Ron Paul brought out a third opinion when he said, “I think marriage should be between a single man and a single woman. And the federal government shouldn’t be involved. … I don’t want the federal government having a marriage police. I want the states to deal with it if they need to, but if you didn’t need the states, really, why do we have to have a license to get married? Why don’t we just go to the church? What other individuals do, why can’t we permit them to do whatever they call it; that is their problem not mine – just so nobody else forces their definition of marriage on you. That is what we have to prevent.”

Mitt Romney said, “I believe the issue of marriage should be decided at the federal level. … the reason is because people move from state to state, … they have children. … If one state recognizes a marriage and the other does not, what’s the right of that child? What kind of divorce proceeding potential would there be in a state that didn’t recognize a marriage in the first place? Marriage is a status. … Our marriage status relationship should be constant across the country.  I believe we should have a federal amendment in the constitution that defines marriage as a relationship between a man and woman, because I believe the ideal place to raise a child is in a home with a mom and a dad.”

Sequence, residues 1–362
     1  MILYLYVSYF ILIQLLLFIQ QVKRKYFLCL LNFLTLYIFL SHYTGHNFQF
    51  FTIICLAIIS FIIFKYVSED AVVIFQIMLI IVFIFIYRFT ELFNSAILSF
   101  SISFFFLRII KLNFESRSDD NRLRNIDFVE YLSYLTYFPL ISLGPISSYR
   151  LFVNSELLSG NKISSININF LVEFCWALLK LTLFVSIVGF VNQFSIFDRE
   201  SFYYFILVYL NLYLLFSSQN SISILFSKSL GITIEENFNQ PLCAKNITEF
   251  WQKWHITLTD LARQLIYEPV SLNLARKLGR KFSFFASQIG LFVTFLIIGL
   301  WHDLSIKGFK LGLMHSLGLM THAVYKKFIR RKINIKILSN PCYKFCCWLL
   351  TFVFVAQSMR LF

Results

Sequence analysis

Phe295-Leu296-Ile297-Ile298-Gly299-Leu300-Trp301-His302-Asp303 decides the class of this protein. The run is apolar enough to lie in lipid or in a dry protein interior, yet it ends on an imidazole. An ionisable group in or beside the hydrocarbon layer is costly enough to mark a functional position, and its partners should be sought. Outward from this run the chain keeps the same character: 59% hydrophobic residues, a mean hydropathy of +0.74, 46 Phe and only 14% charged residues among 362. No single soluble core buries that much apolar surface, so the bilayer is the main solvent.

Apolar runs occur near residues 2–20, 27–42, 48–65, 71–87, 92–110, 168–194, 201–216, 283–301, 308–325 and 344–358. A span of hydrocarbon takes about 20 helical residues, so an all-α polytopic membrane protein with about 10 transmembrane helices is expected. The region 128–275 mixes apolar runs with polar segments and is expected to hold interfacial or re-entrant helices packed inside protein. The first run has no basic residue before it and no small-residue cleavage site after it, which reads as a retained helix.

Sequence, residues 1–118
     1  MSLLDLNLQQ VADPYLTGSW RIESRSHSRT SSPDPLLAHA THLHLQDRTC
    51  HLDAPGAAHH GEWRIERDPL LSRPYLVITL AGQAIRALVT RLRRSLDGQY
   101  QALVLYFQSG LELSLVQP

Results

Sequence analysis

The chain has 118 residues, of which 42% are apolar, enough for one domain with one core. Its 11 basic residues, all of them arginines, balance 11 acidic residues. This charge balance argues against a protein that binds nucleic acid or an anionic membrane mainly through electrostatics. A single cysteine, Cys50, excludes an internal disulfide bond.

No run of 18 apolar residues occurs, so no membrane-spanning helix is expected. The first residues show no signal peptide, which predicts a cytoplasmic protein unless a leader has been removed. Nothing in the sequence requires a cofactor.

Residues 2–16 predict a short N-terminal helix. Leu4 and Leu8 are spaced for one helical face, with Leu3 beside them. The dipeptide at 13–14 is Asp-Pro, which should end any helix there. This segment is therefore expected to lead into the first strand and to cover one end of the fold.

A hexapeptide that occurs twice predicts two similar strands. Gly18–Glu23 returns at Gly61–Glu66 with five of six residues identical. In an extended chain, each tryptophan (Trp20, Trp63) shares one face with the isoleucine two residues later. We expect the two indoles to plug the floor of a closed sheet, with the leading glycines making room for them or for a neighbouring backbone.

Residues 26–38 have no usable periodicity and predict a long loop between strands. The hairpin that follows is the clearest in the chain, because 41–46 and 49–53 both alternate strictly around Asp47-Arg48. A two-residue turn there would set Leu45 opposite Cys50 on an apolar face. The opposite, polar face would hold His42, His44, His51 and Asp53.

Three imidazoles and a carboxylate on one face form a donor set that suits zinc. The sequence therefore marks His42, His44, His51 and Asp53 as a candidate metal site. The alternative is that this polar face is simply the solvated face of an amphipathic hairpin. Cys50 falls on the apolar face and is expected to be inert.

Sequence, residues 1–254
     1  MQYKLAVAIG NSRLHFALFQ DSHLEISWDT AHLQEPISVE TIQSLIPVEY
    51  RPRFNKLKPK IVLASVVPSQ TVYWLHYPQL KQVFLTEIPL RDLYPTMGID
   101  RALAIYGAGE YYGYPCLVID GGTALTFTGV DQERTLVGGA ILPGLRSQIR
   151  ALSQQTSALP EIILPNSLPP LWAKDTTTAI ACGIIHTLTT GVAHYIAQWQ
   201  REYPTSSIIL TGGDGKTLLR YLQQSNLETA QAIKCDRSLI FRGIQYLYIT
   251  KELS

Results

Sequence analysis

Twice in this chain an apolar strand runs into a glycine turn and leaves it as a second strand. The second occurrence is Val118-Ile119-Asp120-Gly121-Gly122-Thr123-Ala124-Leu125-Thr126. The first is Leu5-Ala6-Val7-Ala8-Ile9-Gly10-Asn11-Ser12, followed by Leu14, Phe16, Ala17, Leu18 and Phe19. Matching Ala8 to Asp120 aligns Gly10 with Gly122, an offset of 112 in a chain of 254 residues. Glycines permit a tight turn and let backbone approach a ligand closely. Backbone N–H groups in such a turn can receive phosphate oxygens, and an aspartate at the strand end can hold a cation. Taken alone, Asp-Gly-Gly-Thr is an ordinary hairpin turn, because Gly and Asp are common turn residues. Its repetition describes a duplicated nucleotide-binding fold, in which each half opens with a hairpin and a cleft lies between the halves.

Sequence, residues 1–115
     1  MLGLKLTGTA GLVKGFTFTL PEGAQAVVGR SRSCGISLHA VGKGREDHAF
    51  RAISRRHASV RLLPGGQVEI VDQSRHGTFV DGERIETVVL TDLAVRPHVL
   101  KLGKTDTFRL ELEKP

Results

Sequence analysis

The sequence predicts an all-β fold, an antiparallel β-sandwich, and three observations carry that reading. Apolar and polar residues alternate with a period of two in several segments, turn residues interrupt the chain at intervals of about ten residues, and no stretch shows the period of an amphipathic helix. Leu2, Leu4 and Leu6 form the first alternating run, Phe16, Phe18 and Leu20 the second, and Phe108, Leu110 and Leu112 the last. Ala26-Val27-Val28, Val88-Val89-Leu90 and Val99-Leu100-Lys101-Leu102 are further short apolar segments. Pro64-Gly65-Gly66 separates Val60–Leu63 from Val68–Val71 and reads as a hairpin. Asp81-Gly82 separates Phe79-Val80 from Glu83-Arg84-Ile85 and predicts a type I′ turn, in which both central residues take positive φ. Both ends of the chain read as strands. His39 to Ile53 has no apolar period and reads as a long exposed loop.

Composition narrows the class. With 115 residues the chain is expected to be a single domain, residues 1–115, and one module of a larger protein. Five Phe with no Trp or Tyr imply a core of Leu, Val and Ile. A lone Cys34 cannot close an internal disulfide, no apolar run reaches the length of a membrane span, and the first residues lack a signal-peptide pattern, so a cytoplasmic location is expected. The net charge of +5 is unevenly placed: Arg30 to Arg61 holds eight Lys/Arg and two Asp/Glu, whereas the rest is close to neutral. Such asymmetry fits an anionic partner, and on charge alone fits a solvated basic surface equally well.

Rick Santorum boldly stated, “Gay marriage came about, as we see here in [the] state of Iowa, where seven justices forced gay marriages on the people of Iowa. I was the only one on this panel who came to Iowa last year and made sure that those three justices were defeated. … We can’t have 50 marriage laws. This was the approach that the left took on abortion which is to pick a few states, pick a few courts, and then go to the Supreme Court and say ‘equal protection.’ You can’t have different state laws; then you will have nine people up at the Supreme Court deciding what marriage is in this country. You have to fight in each state. … I will come to the states and fight to make sure this strategy of picking off a state here and there does not be successful in transforming marriage.”

Health Care